The juxtaposition was remarkable. We’re used to our musicians and actors being these young, stunning, darlings with out-of-this-world beauty and panache. And yet, this is as far from the case as we could have imagined. Susan Boyle’s singing was remarkable, while the looks, well, were also remarkable, but not in such a good way. The spectacular incongruity of it all made us all watch her, rapt attention paid to the voice referred to by some as angelic, leaving us with perhaps even an ambivalence about her looks, wanting the two to “match”.
Millions followed her rapid ascention to worldwide fame, almost overnight, watching one who might have been a hermetic recluse adjust to the constant, frenetic pace of the media and those who circle above, waiting impatiently to swoop down with their cameras, unafraid to badger and bewilder their prey until the inevitable breakdown.
After a long while, the day has come when Ms. Boyle has released an album of her own, allowing her international brood to no longer be limited to internet videos and random snippets from here and there.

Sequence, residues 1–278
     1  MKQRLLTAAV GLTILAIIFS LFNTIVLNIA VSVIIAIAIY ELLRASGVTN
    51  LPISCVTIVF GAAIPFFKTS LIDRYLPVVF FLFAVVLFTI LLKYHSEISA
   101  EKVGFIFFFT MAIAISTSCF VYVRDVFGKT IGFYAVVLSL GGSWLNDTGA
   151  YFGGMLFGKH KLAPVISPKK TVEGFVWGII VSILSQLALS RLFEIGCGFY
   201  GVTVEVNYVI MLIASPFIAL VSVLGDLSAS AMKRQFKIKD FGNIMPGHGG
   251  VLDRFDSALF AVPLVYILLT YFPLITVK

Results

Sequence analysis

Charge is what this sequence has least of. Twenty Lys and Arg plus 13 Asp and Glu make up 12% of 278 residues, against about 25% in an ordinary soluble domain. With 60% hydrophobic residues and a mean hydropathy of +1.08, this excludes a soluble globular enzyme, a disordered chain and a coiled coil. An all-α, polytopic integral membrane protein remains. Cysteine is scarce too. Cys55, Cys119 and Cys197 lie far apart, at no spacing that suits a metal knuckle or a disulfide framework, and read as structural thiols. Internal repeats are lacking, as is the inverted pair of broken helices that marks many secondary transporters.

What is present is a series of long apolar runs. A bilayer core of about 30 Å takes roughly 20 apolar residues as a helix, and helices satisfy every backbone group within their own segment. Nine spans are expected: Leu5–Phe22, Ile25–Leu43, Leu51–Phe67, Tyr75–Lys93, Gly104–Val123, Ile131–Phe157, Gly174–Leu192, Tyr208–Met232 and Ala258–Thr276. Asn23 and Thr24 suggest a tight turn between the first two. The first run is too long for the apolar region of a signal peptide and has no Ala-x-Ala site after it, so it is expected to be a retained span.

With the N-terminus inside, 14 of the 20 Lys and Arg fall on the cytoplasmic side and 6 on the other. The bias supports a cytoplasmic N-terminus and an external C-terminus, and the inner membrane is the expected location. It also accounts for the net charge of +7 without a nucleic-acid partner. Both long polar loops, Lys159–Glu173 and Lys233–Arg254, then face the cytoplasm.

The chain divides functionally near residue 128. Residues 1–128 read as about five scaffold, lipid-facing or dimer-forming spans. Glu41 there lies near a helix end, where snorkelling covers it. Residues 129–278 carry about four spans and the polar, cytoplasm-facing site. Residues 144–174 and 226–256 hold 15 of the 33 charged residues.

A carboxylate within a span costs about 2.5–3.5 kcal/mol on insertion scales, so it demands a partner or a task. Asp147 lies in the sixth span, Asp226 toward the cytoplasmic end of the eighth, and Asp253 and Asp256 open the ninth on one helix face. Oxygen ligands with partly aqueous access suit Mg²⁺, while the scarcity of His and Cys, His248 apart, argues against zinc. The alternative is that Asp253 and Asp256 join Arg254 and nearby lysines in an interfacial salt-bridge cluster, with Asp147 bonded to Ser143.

I was looking forward to finding out whether her celebrity was merely due to her less than pretty looks, or whether her well-known set of pipes could hold their own and allow her to be a singer instead of the media freak she’s been until now.
My advise – stick to the videos. The voice we all absorbed in shocked amazement as we heard Les Miserables brought to life in the least likely of actors is still pretty good, but when the surprise and curiosity of her fame is gone, much of the luster and elation disappears, leaving you wanting more of the rare voice, less the empty celebrity. Don’t get me wrong; her voice is very nice, and the songs are all generally well-known, but the expectations for someone who wowed the entire world leave one very disappointed.